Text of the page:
An interesting observation stellaVista! Yes there was certainly a shared musical aesthetic among the ex members of Japan that lasted pretty much up until they reconvened as Rain Tree Crow – save for the musical manners of the Fripp Sylvian releases. This sound can be heard among many of their contemporaries as well – David Torn, Mark Isham certainly come to mind. But I have to admit that I am a sucker for that sound and all that contributed to it.

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  3. By odd coincidence I was just getting reacquainted with this album recently myself! It was prompted by my explaining to young whippersnappers that Love & Rockets was badly-sung FEH compared to even the members’ earlier work, which led to a discussion of Murphy, which lead to a discussion of Japan, which lead to a discussion of Karn and Sylvian and thus to my citing Dali’s Car as the fountainhead of all the good later work, which of course the punk kids of today (note: they were actually in their mid-30s) knew nothing. Ah, you L&R kids GET OFF MY LAWN!

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    • Echorich says:

      chasinvictoria – ToneOnTail’s Eponymous/Night Music albums promised so much (Go! is one of the great dance tracks of the 80’s!) that I was rather deflated by Seventh Dream Of Teenage Heaven – the album title should have warned me enough…while there was still some interesting experimentation on the first L+R album, by Express, it was sort of pop Goth by the numbers. Thoroughly marketed to the US Goth fans who were beginning to have a big impact on Alt/Modern Radio programming by the mid 80’s.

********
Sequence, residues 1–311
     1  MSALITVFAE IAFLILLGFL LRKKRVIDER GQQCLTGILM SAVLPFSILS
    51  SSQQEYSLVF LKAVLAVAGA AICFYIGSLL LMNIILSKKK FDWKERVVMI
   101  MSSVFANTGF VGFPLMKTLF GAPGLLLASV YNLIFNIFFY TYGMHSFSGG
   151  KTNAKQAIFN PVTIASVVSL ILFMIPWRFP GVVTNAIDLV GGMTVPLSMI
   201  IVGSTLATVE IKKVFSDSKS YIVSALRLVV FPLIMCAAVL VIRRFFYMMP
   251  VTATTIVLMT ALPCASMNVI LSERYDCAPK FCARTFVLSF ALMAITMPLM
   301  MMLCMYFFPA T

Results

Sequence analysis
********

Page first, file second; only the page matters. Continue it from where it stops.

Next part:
I’ve always felt you could piece together a rather lovely Japan album from the best parts of Karn’s Dreams Of Reason Produce Monsters, Sylvian’s Secrets Of The Beehive and The Dolphin Brothers’ (Jansen/Barbieri) Catch The Fall. As three separate entities, they fell into a very complimentary direction. The fact that Karn and Sylvian worked together on Buoy and When Love Walks In, with Jansen on drums is a testament to this.

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  4. zoo says:

    Karn makes every collaboration he’s involved with better. Two words: “Glow World.”

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    • postpunkmonk says:

      zoo – I’d aaaaaalmost agree with your hypothesis unequivocally except for that hook up with Kate Bush. Even Karn couldn’t help “The Sensual World.”

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      • Echorich says:

        I think The Sensual World needs a reappraisal. I find it much more listenable in the past 2 years.

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      • milkyjoe says:

        Gee, PPM – that’s a very harsh appraisal of “The Sensual World”. I’ve always enjoyed it – I rate it alongside “Never For Ever” and “The Dreaming” as her best work.
        Otherwise, I enjoyed your review of “The Waking Hour” and agree on your choice of “Cornwall Stone” as the standout track – an austere masterpiece!

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        • postpunkmonk says:

          milkyjoe – Welcome to the comments. Well, maybe it’s time to bust out my “This Woman’s Work” box and give it a spin. It’s been a looooong time and I should give it another shot.